An Outbreak of Infections Caused by Non-Typeable Haemophilus Influenzae in an Extended Care Facility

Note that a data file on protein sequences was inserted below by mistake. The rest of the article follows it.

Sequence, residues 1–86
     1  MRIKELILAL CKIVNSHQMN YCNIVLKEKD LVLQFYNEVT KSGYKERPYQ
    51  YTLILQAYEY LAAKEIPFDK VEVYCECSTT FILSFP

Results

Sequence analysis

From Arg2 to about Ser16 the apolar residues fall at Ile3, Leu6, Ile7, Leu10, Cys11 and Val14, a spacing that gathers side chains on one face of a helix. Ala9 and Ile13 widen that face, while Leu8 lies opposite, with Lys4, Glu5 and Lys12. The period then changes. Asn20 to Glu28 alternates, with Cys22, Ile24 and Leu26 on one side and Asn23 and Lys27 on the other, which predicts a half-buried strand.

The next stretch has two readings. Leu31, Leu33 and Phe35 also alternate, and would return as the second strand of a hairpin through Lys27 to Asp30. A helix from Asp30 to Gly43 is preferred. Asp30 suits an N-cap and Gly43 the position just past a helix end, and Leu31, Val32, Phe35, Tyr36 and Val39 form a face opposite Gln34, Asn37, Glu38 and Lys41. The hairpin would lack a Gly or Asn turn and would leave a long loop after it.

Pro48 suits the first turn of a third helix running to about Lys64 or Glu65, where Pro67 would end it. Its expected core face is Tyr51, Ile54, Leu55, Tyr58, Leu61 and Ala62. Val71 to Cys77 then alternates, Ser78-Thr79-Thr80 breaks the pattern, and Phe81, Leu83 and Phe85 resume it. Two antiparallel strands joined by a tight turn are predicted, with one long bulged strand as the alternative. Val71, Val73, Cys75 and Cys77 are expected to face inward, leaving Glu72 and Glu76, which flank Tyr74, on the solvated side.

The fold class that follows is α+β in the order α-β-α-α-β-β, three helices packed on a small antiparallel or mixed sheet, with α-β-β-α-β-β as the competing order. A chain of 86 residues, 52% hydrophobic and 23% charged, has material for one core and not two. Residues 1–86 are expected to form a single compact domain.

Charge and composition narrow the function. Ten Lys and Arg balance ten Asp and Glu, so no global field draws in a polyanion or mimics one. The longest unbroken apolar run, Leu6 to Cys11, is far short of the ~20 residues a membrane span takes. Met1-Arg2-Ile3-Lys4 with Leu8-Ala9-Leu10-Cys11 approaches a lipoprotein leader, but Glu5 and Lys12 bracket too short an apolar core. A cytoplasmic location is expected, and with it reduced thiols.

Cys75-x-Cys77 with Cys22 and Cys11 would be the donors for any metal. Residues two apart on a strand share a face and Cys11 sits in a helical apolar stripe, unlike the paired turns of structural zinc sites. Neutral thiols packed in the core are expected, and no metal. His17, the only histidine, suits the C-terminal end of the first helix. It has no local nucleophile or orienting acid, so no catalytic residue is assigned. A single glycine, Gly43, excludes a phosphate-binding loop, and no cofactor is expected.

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Nosocomial outbreaks of infection due to non-typeable Haemophilus influenzae (NTHi) are rarely described. There are a few published reports that suggest that elderly patients with underlying pulmonary disease are at risk and that person-to-person spread is key to disease transmission. During the summer months of 2005, we documented an outbreak of NTHi infections in a Veterans Affairs nursing home. Thirteen patients developed conjunctivitis or lower respiratory infection involving a β-lactamase-negative biotype III NTHi isolate, with an indistinguishable SmaI macrorestriction pattern. Patients were elderly males usually with underlying cardiac and pulmonary disease. A case-control study failed to demonstrate any specific significant risk factor for NTHi infection and there was no evidence of spatial clustering of cases within the nursing home. A random throat culture survey involving nursing home patients during the outbreak showed that only one of 19 persons was colonized with NTHi. The outbreak concluded following appropriate treatment and an emphasis on universal and respiratory droplet precautions. All patients recovered and a specific inciting event for the outbreak was never defined. Literature review revealed a spectrum of responses to nosocomial NTHi infections and a lack of consensus regarding the infection control approach towards NTHi outbreaks.